Finally, I had known that Anderson was strongly into verse and poetry for years, but really had never encountered it in situ. This volume corrects that gap in my reading, with a variety of verse that is at turns, moving, poetic, and sometimes extremely funny. The placing of these bits of verse between the prose stories makes for excellent palette cleansers to not only show the range of Anderson’s work, but also clear the decks for the next story.

The last thing I should make clear for readers who might be wondering if this volume truly is for them to is to go back to the beginning of this piece. This volume, and its subsequent volumes, are not a single or even multivolume “best of Poul Anderson”. This is a book, first in a series, that is meant to be a comprehensive collection of Poul Anderson. This is not the book or even a series to pick up if you just want the best of the best of a seminal writer of 20th century science fiction. This volume (and I strongly suspect the subsequent ones) is the volume you want if you want to start a deep dive into his works in all their myriad and many forms. There is a fair amount from the end of the Pulp Era here, and for me it was not all of the same quality. I think all of the stories are worthy but some show they are early in his career, and his craft does and will improve from this point.  While for me stories like the titular Call Me Joe, “Flight to Forever”, “The Man Who Came Early”, and the devastating “Prophecy” are among my favorite Poul Anderson stories, the very best of Poul Anderson is yet to come.

(NESFA, 2009)

Often shy and retiring Warner Holme has worn many hats over the years. He has worked in fields ranging from the medical to advertising, but always finds himself most at home among stories and words. He can usually be found in the mid-south, caring for some person or animal, and is almost never more than a meter away from a few books.

10 thoughts on “Warner Holme Review: Call Me Joe by Poul Anderson

  1. Yes! I found the diversity of work in this volumes to be illuminating. I came for the stories, stayed for the poetry!

  2. I’m surprised to see that NESFA Press made the common mistake of inserting an apostrophe in “Journeys End.”

  3. @Cat Eldridge posted (in the comments to yesterday’s Pixel scroll)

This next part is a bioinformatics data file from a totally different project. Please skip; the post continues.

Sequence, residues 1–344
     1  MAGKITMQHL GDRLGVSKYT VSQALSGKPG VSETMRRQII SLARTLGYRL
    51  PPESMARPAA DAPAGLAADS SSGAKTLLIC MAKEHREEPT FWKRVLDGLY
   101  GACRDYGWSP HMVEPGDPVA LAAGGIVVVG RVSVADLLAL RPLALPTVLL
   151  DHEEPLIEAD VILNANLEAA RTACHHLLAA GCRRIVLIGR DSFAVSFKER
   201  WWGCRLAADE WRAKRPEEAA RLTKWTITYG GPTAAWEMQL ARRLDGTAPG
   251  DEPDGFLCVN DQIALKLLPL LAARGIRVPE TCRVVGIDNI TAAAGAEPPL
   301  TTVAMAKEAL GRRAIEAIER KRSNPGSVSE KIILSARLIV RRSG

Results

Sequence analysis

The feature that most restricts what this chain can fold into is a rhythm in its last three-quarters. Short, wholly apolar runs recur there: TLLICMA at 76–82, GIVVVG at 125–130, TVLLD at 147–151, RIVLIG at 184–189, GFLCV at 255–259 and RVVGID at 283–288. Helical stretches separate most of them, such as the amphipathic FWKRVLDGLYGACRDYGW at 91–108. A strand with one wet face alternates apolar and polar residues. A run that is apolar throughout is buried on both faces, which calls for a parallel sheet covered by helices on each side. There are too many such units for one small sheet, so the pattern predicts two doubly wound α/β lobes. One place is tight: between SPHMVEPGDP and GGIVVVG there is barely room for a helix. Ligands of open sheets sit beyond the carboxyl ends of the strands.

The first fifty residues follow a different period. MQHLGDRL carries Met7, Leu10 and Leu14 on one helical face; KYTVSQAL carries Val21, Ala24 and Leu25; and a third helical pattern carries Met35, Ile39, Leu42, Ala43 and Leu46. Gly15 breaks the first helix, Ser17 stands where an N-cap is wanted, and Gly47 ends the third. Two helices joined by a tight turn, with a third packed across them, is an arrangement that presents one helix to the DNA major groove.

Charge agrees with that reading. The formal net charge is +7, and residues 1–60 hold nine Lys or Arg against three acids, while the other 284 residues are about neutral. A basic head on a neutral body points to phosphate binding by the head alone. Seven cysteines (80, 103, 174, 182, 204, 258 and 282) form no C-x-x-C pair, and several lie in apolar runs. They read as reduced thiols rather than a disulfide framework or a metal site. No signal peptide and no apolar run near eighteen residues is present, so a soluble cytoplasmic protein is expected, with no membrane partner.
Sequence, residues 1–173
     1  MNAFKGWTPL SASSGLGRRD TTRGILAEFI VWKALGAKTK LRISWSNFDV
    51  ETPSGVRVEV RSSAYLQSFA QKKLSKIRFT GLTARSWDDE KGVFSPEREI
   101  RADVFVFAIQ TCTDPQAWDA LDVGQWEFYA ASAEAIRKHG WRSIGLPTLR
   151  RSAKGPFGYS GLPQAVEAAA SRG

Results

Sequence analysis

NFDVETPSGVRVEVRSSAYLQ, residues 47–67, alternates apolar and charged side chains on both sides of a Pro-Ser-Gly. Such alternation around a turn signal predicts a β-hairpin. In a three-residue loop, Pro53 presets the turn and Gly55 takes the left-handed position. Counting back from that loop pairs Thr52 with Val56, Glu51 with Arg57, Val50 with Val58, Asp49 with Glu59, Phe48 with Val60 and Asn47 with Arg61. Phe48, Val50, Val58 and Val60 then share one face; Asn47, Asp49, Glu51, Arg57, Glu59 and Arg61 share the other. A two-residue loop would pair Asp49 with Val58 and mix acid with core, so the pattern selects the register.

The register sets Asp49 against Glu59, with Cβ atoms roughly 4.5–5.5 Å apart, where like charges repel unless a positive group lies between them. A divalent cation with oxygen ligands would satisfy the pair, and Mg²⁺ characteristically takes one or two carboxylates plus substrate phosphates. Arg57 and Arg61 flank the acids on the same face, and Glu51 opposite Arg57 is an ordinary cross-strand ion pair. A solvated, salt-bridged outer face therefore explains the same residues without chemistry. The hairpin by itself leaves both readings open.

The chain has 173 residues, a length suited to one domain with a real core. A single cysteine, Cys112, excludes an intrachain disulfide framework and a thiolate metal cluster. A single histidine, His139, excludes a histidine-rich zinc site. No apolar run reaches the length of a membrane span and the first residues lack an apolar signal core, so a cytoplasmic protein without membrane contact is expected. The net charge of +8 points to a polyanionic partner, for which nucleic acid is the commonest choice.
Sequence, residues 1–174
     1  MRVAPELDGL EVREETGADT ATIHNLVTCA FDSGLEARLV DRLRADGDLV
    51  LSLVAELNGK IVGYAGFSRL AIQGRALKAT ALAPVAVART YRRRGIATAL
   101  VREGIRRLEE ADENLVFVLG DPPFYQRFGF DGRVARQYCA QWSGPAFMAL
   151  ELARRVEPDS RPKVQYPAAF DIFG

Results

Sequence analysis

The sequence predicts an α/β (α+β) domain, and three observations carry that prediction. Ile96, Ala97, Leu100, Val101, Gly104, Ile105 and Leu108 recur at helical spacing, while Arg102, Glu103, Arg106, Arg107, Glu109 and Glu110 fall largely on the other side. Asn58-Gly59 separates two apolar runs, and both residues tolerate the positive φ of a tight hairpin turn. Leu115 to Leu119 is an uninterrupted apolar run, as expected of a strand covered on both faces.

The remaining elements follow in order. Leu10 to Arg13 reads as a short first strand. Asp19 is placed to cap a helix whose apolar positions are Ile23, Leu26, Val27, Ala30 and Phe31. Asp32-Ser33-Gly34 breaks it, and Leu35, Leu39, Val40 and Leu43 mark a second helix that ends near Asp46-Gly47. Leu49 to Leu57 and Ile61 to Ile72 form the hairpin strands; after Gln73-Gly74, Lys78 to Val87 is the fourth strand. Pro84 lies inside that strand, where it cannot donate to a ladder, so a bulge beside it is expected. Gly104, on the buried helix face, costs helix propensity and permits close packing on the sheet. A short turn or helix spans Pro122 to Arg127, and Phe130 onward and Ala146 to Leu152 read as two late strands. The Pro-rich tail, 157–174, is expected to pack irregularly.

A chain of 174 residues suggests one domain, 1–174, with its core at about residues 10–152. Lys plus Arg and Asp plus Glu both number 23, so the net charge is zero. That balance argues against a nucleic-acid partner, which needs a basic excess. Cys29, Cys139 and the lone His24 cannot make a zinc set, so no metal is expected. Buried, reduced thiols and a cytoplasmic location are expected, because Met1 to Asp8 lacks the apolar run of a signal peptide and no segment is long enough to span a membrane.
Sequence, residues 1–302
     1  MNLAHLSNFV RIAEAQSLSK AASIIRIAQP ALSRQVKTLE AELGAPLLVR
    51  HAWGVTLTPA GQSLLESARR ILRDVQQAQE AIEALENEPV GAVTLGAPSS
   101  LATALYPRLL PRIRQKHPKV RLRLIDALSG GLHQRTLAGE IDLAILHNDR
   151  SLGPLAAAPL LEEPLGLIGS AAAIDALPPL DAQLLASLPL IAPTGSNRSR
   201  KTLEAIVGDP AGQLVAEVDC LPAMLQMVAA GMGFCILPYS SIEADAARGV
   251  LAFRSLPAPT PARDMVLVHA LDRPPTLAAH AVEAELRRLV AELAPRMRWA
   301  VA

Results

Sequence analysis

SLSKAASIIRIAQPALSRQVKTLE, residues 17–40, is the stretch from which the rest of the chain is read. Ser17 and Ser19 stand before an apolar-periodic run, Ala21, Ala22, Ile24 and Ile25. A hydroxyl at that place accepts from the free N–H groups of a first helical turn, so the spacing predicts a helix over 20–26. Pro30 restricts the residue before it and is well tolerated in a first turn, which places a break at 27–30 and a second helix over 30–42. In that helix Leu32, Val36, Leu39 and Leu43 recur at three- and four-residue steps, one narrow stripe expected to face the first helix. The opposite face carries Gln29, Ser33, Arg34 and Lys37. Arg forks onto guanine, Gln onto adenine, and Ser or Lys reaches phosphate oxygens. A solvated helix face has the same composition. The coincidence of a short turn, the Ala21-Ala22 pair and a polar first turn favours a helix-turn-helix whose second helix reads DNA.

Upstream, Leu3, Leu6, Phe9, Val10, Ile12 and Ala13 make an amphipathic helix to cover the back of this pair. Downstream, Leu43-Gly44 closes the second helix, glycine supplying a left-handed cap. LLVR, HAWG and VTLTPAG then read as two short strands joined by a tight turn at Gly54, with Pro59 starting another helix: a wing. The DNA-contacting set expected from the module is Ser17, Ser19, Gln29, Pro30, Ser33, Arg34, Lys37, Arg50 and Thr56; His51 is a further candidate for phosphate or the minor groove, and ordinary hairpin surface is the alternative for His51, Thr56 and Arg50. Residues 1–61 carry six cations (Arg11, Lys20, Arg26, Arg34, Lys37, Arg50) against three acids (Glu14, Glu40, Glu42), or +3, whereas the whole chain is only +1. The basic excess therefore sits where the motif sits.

Cat Eldridge on July 12, 2023 at 9:11 am said:
    Jeff Smith says I’m surprised to see that NESFA Press made the common mistake of inserting an apostrophe in “Journeys End.”

    It’s not a mistake and if you’d bothered to check ISFDB, you’d know that.

    Here’s the ISFDB entry:

    Journey’s End • (1958) • short story by Poul Anderson (variant of Journeys End 1957

    The story was originally published without the apostrophe.

    It has been reprinted with and without the apostrophe.

    I don’t know which way Anderson preferred; this is the sort of change that editors sometimes make without input or approval from authors.

  4. “Journeys End” was reprinted in the Anderson collection Going for Infinity. In the introduction to the story, Anderson says that F&SF editor Anthony Boucher (who originally published it) “told me what a struggle he had with copy editors and proofs to keep an apostrophe out of the title, which shows what kind of line editor he was.” I take this to mean that Anderson wrote the title without the apostrophe, Boucher kept it that way in the magazine, and later editors put one in thinking they were correcting a mistake. I seem to remember Anderson said somewhere else that the title was taken from a line in Shakespeare’s Twelfth Night: “Journeys end in lovers meeting.”

  5. Cat:

    It’s not a mistake and if you’d bothered to check ISFDB, you’d know that.

    Don’t be so snarky. In fact, I knew the title was not supposed to have the apostrophe for the same reasons Rusty did. And I did check ISFDB just to be sure, and the original appearance and all collections by Poul have no apostrophe. (The NESFA Press one was put together after his death.)

    Don’t hurt yourself climbing down from that high horse.

  6. “Call Me Joe” is a terrific story – my only complaint is that for years I was trying to find a story I read as a kid, and it also featured a “Joe” in the title, and whenever I searched, I found references to “Call Me Joe.” Eventually, I found “You Were Right, Joe” (https://en.wikipedia.org/wiki/You_Were_Right,_Joe) by J. T. McIntosh.

    I wonder if Vinge’s title *Rainbows End” was influenced by “Journeys End” (Vinge is clearly influenced by Anderson in general).

  7. Lots of good stories there. As I may have mentioned before, “Kings Who Die” considers a two way brain-computer interface and the possibility that this could lead to a completely new kind of consciousness.

  8. As a long-time Poul Anderson fan–and the translator of some his books–I welcomed these NESFA books, but there are some caveats:
    –there is no rationale about the order and presentation of the stories: the reader has to connect the dots, and, for some story-cycles–“Time Patrol”, “Technic Civilization”, others…–the author-approved editions are best;
    –when given the choice, the NESFA editors went for the first publication (mostly in magazines), which Anderson restored for the book editions, so “caveat lector”;
    –unfortunately, the books are typo-ridden.
    Still, it’s better than nothing, I suppose.

  9. “Journeys end in lovers meeting” is the touchstone refrain in Shirley Jackson’s “The Haunting of Hill House,” where it has a very special context.